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Startups

Why optimism is an entrepreneur’s worst enemy

entrepreneurship optimism
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By Gabe Zichermann

You probably have a set of recurring patterns in your life, relationships and career. I certainly do:

1. I date people who are a lot like my dad.

2. I give advice before knowing that friends want advice.

3. I tend to assume the best when it comes to startups, financing and growth.

It’s this last one I want to talk about.

I know this is unsolicited advice (see #2) from someone who dates dad-like dudes (grain, meet salt), but I think unbridled optimism is the most dangerous trait in an entrepreneur.

And if you — like many entrepreneurs — have been blinded by your optimism, now’s a great time to sit back, take a deep breath, and start planning for the worst.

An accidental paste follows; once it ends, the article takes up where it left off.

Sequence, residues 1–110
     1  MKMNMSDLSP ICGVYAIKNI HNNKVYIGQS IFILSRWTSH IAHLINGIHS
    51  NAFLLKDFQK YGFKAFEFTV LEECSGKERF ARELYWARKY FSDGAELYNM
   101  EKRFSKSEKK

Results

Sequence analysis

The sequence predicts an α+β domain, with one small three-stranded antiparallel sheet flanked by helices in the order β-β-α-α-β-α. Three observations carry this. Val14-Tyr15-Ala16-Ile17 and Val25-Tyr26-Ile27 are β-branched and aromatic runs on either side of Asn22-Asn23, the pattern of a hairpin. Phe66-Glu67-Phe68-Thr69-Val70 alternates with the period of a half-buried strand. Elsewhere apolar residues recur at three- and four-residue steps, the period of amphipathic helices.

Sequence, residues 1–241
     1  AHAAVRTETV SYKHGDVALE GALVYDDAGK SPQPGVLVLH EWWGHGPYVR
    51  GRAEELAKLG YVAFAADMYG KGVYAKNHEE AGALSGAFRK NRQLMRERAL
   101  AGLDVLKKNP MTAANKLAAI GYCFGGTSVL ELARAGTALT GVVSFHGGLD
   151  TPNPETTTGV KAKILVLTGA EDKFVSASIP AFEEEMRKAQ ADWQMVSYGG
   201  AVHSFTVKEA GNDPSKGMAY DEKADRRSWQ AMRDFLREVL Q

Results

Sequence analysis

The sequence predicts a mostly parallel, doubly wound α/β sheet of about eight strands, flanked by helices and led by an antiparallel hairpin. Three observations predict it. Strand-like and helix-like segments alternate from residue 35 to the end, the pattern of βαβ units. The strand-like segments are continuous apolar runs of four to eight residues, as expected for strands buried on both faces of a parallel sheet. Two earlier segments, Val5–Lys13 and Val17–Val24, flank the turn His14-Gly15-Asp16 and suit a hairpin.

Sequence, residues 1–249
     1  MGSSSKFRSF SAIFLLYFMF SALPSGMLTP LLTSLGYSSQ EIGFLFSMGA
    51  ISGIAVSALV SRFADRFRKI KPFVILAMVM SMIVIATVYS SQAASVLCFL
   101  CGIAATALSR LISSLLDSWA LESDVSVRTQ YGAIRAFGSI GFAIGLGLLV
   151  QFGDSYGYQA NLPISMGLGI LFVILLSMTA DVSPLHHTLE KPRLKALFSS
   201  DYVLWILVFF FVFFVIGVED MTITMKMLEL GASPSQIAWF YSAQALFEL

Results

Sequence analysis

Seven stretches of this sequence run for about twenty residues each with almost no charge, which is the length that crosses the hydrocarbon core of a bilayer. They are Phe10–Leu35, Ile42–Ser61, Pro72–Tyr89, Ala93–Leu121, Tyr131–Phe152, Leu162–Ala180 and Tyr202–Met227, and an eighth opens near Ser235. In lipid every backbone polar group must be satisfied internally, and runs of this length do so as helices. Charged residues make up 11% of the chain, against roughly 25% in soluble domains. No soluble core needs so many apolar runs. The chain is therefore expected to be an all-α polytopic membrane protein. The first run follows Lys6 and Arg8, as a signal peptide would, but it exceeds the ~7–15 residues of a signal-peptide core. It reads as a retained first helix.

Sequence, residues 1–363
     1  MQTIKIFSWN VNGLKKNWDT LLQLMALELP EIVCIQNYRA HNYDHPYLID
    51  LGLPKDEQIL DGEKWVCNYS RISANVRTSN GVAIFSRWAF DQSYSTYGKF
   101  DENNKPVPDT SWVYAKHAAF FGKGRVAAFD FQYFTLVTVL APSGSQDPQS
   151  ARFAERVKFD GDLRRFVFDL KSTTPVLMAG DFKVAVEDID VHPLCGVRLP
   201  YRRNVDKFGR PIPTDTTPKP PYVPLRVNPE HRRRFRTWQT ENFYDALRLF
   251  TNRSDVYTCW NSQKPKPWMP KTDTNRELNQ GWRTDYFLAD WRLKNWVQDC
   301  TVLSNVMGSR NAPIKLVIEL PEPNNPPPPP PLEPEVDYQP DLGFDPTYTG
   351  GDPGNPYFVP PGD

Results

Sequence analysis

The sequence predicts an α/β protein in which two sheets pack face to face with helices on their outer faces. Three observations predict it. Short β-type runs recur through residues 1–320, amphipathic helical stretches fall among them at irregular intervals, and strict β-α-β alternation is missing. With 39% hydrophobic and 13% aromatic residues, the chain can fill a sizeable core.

It might be the coming global economic downturn, key employees quitting, investor reshuffles or even new competitors entering your market. Whatever the reason, if you’re not doomsday prepped yet…well, only Whoopi Goldberg can say it better:

Telling an entrepreneur to curb their optimism sounds like a contradiction — and it is. After all, optimism is the primary tool most entrepreneurs use to get over the negative voice in their head (you’ll fail!), the negativity in the world (everything sucks!) and generic, useless criticism (Why won’t Google just do this?). But optimism about your industry, team and the future you’re working so hard to create does not conflict with a strategy based on worst-case scenario planning, paranoia and extreme cheap-ass-ness.

This is a lesson I’ve learned the hard way.

My last startup Onward, makes a good case study. We were working on a cure for technology-based addictions, and had a ton of good early traction — raising lots of money, hiring amazing people, feeling very timely — even our product was delivering decent early results.

But then things started to change, and the warning signs were not evident to me or our advisors/investors. With the benefit of hindsight, I realize that I could have seen some of these things earlier and taken action to course correct at each input.

But in an overall sense, it was my optimism that blinded me to the feedback we were receiving.